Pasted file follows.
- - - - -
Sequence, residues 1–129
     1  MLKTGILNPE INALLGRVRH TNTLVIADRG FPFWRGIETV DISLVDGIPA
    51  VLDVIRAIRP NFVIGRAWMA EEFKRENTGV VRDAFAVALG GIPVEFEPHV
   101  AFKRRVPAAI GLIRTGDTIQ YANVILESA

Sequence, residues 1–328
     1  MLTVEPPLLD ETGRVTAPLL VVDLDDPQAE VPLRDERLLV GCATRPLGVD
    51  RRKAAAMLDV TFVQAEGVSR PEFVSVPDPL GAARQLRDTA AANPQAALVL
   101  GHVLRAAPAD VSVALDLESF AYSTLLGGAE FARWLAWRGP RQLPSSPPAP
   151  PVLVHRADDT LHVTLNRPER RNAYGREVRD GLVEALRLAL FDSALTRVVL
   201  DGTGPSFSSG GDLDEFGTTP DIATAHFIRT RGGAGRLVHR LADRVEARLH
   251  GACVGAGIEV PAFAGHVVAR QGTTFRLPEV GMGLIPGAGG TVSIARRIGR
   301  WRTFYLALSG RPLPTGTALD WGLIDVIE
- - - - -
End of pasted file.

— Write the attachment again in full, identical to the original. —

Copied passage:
Sequence, residues 1–129
     1  MLKTGILNPE INALLGRVRH TNTLVIADRG FPFWRGIETV DISLVDGIPA
    51  VLDVIRAIRP NFVIGRAWMA EEFKRENTGV VRDAFAVALG GIPVEFEPHV
   101  AFKRRVPAAI GLIRTGDTIQ YANVILESA

Sequence, residues 1–328
     1  MLTVEPPLLD ETGRVTAPLL VVDLDDPQAE VPLRDERLLV GCATRPLGVD
    51  RRKAAAMLDV TFVQAEGVSR PEFVSVPDPL GAARQLRDTA AANPQAALVL
   101  GHVLRAAPAD VSVALDLESF AYSTLLGGAE FARWLAWRGP RQLPSSPPAP
   151  PVLVHRADDT LHVTLNRPER RNAYGREVRD GLVEALRLAL FDSALTRVVL
   201  DGTGPSFSSG GDLDEFGTTP DIATAHFIRT RGGAGRLVHR LADRVEARLH
   251  GACVGAGIEV PAFAGHVVAR QGTTFRLPEV GMGLIPGAGG TVSIARRIGR
   301  WRTFYLALSG RPLPTGTALD WGLIDVIE